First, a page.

Like mouth odour, body odour can be very embarrassing, especially when you are not aware of it but people around you are. Most cases of body odour occur in boys and girls going through puberty and in the few years after puberty.
There is an increase in sex hormones during puberty; these hormones are responsible, among other things, for hair growth in the armpits and the private part area in both boys and girls. Also, there is an increase in the number of structures in the skin responsible for sweat production especially in the armpits and private part area.
Sweat contains many chemical compounds, including proteins known as keratin. In people with body odour, the normal bacteria on their skin act on some of these chemical compounds whenever they sweat (after running or doing some other strenuous physical activities), breaking them down into very foul smelling compounds that give rise to the body odour.
For some people with body odour, the cause has been linked to the consumption of certain foods like onion, garlic and alcohol; some medications, like penicillin, have also been implicated in causing body odour.
Moreover, body odour may be due to pre-existing skin diseases and other conditions like diabetes and obesity. It can also be genetic, meaning it runs in families.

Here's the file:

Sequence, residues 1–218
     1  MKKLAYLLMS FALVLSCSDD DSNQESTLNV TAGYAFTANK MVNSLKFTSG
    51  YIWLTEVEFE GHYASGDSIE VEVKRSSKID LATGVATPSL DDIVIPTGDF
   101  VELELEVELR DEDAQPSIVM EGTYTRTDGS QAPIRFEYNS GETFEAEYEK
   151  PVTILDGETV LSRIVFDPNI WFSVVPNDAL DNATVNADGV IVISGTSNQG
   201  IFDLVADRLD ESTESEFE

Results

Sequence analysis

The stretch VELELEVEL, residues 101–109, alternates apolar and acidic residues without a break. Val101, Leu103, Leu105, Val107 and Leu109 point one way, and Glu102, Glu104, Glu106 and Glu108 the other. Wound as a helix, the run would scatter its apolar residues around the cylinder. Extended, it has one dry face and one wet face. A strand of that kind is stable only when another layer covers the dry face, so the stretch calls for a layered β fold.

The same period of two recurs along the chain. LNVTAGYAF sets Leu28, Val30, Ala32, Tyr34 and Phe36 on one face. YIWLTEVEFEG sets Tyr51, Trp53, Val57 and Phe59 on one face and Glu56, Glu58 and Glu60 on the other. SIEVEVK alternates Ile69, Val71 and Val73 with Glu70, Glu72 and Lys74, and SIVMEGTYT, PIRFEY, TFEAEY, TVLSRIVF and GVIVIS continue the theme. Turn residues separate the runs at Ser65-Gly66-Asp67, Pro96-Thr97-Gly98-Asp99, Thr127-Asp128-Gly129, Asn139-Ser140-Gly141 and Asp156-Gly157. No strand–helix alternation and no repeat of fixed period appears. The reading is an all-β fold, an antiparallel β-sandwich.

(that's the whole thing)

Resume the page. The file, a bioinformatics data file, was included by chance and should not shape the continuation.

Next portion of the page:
Getting rid of body odour may be very challenging requiring a hospital visit to see a dermatologist (a doctor who is a specialist in treating diseases of the skin), but it can also be as easy as doing the following:
- Always change your clothes and take a bath after doing strenuous physical activities that lead to sweating. Wash your armpits thoroughly at every bath to prevent bacteria from growing there.
Use an antiperspirant spray for your skin and armpits. Antiperspirants prevent excessive sweating; some also contain antibacterial chemicals that limit the activities of bacteria on the skin, thereby masking any unpleasant odour that may emanate from any area of the skin. You can get good antiperspirants from supermarkets or pharmacies. Always check the label on the container to confirm you’re buying an antiperspirant and a deodorant.
Shave your armpit hair regularly to prevent the accumulation of bacteria, thereby reducing sweat and body odour.
Doing the above regularly for a few weeks should take care of the body odour. If the body odour does not resolve, you will have to visit a family doctor or a dermatologist for a detailed medical examination and treatment which may involve prescription antibiotics, some other specific medications and even some form of surgery.
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